Being John Malkovich Review
By Christopher Owens
Being John Malkovich is director Spike Jonze’s comedic meditation on identity that deserves to be mentioned among the goods (not greats) of its kind.
While never quite rising to the same level of insight as Lynch’s Mulholland Dr or Bergman’s Persona, the film does offer a refreshing respite from the dense psychological complexity of its peers while never coming off as too shallow. In fact, not even a script written by the notoriously grandiloquent Charlie Kaufman can keep this from being the only film in Jonze’s filmography which manages to refrain from entering the realm of the pretentious altogether. The four leads keep the plot grounded through their skilled portrayal of the world’s most four-sided love triangle, with none other than the eponymous man himself taking home the MVP award. Malkovich does an impeccable job cycling through multiple personalities during his time on screen, giving an even better performance here in that aspect than James McAvoy did in M. Night Shyamalan’s Split.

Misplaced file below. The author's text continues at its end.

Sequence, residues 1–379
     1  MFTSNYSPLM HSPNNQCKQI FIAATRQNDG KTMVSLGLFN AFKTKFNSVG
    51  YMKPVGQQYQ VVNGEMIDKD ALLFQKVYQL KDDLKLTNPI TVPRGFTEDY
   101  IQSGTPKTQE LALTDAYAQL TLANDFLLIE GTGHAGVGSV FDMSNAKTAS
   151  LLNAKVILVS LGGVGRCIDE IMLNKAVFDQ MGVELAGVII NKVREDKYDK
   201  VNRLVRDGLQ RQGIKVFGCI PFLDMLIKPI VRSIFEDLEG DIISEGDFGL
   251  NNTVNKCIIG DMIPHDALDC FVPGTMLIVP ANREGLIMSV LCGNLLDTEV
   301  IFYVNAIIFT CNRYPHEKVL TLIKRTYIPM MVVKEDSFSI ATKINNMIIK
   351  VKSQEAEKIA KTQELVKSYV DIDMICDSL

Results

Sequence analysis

Alas, Being John Malkovich is far from perfection, due mostly to its predictability. We all knew from the very moment they met, John Cusack was never going to win over Catherine Keener, and using a baby as a deus ex machina definitely dampened the impact of the final act. The most frustrating part of all, though, is the film’s lack of thematic clarity. Don’t get me wrong, Helen Keller could probably figure out this movie is trying to make some statement about human identity, but I doubt even Jonze or Kaufman could say exactly what that statement is.
With all that said, I find this film more interesting than anything. Being John Malkovich is what happens when two auteurs tackle a faux-heady, Mike Stipe of REM produced romantic comedy with the utmost restraint. Though it didn’t yield a masterpiece, I’m glad it happened all the same.